Two comments: note the emphasis on how bad things are in Finland and the Netherlands, and this:
Stripped bare, the strategy of the EMU elites is to bet/hope that the global economy is entering a fresh cycle of global expansion, and that nothing more is needed. The question is what will happen if we are instead nearing the end of a five-year growth cycle, with stock markets already looking frothy and overstretched. What if this is as good as it gets?
Indeed. I shouldn’t bet on getting the rest of the world getting Europe out of its crisis.
Ilargi: European Democracy is roadkill.
This bit says it all, and as I linked the Evans-Pritchard peace last week, it is hard to remain unshocked:
Together, they deliver the following storyline: EU leaders refused to let Greece have a referendum on its bail-out, and toppled PM Papandreou to kill it. Then, afraid that Italian PM Berlusconi would make good on his threat to return to the lira if they stuck to their bail-out conditions, they toppled him. What this means to Europeans is that if they elect a government for their country, and it subsequently falls out of favor with Brussels, they can expect to see it overthrown, and likely have it replaced by a technocrat handpicked by the EU leadership (as happened in Greece and Italy). Ergo: Europe is not a democracy, and pretending otherwise is foolish. Democratic elections in member states are merely empty lip service exercises, because on important topics governments of member states have no say.
“Crippled eurozone to face fresh debt crisis this year, warns ex-ECB strongman Axel Weber”
By Ambrose Evans-Pritchard.
I am not surprised that experts crush the jubilations of Barroso & co. There are simply too many parts in the puzzle that may go wrong, including asset/real estate bubbles, declining exports due to declining global demand (e.g. through the situation in China), banks that are not healthy, household debt that is too high…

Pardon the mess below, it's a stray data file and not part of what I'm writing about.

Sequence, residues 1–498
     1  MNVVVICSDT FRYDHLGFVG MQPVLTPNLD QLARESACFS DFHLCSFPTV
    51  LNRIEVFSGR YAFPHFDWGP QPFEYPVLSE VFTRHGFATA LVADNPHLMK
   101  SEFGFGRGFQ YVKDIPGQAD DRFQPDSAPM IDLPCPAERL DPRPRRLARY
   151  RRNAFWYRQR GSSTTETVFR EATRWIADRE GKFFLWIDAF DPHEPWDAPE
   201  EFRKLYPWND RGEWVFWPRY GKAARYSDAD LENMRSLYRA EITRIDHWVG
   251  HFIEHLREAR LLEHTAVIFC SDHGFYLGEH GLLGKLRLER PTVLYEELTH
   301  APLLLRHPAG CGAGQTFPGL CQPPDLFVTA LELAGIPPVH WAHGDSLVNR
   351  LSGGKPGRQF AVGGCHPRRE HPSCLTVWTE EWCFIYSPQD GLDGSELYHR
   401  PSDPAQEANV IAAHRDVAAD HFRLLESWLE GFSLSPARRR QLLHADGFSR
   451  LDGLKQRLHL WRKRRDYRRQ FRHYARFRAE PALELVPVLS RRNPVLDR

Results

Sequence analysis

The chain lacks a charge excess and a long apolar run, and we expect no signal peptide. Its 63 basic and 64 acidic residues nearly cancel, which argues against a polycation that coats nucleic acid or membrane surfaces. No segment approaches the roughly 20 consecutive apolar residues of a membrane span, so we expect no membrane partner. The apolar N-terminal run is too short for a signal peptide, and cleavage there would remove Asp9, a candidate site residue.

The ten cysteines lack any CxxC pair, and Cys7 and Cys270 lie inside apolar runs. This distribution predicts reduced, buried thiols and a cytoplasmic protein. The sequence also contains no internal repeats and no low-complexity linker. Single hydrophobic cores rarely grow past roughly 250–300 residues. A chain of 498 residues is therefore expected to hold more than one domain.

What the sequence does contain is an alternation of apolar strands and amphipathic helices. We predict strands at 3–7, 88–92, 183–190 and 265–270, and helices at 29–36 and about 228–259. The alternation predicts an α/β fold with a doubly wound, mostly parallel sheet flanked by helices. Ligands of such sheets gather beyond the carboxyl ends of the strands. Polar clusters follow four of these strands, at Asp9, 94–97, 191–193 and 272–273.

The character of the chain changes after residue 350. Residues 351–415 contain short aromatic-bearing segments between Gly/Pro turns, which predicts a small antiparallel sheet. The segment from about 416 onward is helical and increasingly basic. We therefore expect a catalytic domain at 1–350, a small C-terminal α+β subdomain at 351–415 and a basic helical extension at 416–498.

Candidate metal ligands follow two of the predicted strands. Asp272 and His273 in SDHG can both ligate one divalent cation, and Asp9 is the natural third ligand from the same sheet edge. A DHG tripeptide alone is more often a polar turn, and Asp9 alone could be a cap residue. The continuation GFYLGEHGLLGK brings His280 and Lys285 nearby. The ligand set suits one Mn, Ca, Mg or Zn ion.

Here, in a very tight post with lots of data. What did Marx again say about tragedies and farces? What did Einstein say about expecting different results from doing the same thing over and over?
‘ Italian showdown with Germany over euro looms closer’
I have to do a quick check, whether Finland would somewhat meet the same conditions (i.e. near primary budget surplus, gold reserves etc.) There is at least one big difference – Finland is just so small.
Via Ambrose Evans-Pritchards, we learn that the whole ‘rescue’ of Cyprus is even more botched than thought – the country is forced to sell off part of its gold reserves as part of the deal to get ‘help’!
It is not easy to keep trust in the European Commission and the Northern Countries driving these policies.
A quote from a long and insightful comment by Ambrose Evans-Pritchard
The report warned that “new divide” is emerging between the EMU core and those countries “that seem trapped in a downward spiral of falling output, fast rising unemployment and eroding disposable incomes The waive of austerity policies raise important questions about the viability of Europe’s welfare states,” it said. Indeed.
The Economist Poll of forecasters expects the eurozone to contract 0.2pc this year, with scant growth in 2014.
By then millions of people will have fallen into an “enormous poverty trap,” to borrow the words of EU jobs chief Laszlo Andor.
It is why Gustav Horn — head of Germany’s IMK Institute and one of the country’s five `Wise Men’ — called for an end to the contractionary torture last week. “It’s a vicious circle. Excess austerity is not reducing debt, it is causing debt to rise,” he said.
Dr Horn has concluded that the only viable way to close the gap is for Germany to tolerate an inflationary boom with 4pc wage growth for a while. He is right.
I haven’t been able to find Dr Horn’s comments but this is exactly the medicine also prescribed by e.g. Paul Krugman and Joseph Stiglitz, and other experts of the so-called Zero Lower Bound -economics. The IMK instute is a very respectable institute and I hope Germans finally take note. Last weekend I spoke with a German who complained that all European countries have lived above their means, and that deficits should be cut. I tried to discuss this issue, because it rather makes a difference if you have your own currency or not (see this already classic article by Paul de Grauwe) but to no avail – many Germans (and Dutch, and Finns) seem to have adopted the myth of ‘Mediterranean overspending/borrowing’. I really hope the European policy elites come to their senses, because the human suffering in the face of a bad diagnosis of the problem is too catastrophic too contemplate.